FRIDAY, February 23, 2024
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South Korea develops world’s first quantum dot car display

South Korea develops world’s first quantum dot car display

Hyundai Mobis unveiled on Thursday that it has developed the world's first quantum dot display for automobiles with local dimming technology, offering a lower-cost alternative to organic light-emitting diode displays commonly found in luxury vehicles.

It marks Hyundai Mobis' entry into the high-end automotive display arena, positioning its quantum dot innovation as a challenger to pillar-to-pillar OLED display formats that span the full width of the driver and passenger dashboard.

Hyundai Mobis’ new display boasts a 27-inch large curved screen with a slim profile of 14.5 millimetres, which can be reduced to 10 mm to meet specific customer needs. This allows for seamless integration with vehicle interior styling, aligning with the trend toward expansive, pillar-to-pillar displays.

By integrating quantum dot colour technology with local dimming capabilities, the company claims it has enhanced colour quality, contrast ratio and glare reduction — rivalling the performance of OLED at a lower price point.

Local dimming, commonly found in quantum dot light-emitting diode TVs, allows dynamic backlight control in segmented zones to increase contrast and achieve truer blacks in each area of an image. This is especially important for automotive displays, where minimizing glare and maintaining clear visibility are essential for driver safety.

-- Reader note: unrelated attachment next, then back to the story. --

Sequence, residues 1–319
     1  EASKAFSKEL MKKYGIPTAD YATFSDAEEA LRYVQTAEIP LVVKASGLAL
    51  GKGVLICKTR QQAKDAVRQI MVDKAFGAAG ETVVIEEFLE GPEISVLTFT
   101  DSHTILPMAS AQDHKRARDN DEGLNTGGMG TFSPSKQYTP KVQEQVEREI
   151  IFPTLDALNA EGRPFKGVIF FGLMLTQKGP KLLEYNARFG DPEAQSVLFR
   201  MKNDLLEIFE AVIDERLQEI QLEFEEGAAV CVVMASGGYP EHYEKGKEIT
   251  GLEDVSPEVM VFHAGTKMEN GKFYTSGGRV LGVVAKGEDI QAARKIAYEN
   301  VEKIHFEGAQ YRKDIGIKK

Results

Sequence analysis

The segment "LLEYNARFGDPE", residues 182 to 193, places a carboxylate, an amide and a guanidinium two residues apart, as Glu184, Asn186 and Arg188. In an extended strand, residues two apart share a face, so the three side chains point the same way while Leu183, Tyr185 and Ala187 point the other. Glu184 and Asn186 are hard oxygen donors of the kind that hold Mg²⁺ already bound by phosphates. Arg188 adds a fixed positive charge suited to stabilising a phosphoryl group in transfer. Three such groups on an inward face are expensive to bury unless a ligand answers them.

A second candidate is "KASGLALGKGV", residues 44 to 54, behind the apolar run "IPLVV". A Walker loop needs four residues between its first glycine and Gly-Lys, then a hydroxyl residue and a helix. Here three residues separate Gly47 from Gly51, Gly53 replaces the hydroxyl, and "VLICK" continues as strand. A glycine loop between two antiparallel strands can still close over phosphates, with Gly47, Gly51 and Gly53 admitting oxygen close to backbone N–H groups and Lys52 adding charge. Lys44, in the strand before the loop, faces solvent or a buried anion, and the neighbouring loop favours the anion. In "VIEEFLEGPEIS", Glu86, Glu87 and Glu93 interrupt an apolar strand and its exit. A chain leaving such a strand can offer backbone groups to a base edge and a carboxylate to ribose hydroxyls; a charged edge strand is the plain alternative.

“Adapting quantum dot display technology -- a mainstay in consumer electronics like TVs -- for automotive use required significant custom engineering. For example, we had to ensure durability and performance under extreme conditions, as quantum dots can lose efficiency and stability at high temperatures,” said a Hyundai Mobis spokesperson.

OLED and quantum dot technologies are leading the charge in premium display applications across various devices, including TVs, smartphones and laptops. QLEDs are lauded for their brightness and cost-efficiency, particularly in TVs and monitors. In contrast, OLEDs are known for their high contrast ratio, slim design and energy efficiency, making them popular in smartphones and luxury automotive displays.

Although QLEDs offer several advantages, they have fallen short of OLEDs in offering wide viewing angles and achieving perfect black tones due to their reliance on a layer of quantum dots for illumination, unlike an OLED's capacity to light each pixel independently.

Automotive displays that can achieve perfect black tones not only improve visibility but also integrate more seamlessly into vehicle interiors, aligning with the trend towards expansive, pillar-to-pillar displays.

This is why OLED has been the preferred choice for high-end car displays, such as LG Display's flexible OLED panel in the Mercedes EQS Hyperscreen and the pillar-to-pillar display in the 2024 Genesis GV80, which launched this October with a panoramic 27-inch OLED display -- a first in Hyundai's vehicle lineup.

Hyundai Mobis is positioning its new quantum dot automotive display to help facilitate broader adoption of pillar-to-pillar display formats.

The company plans to introduce this new technology to potential automotive clients in North America and Europe, targeting major showcases at international events like the Consumers Electronics Show.

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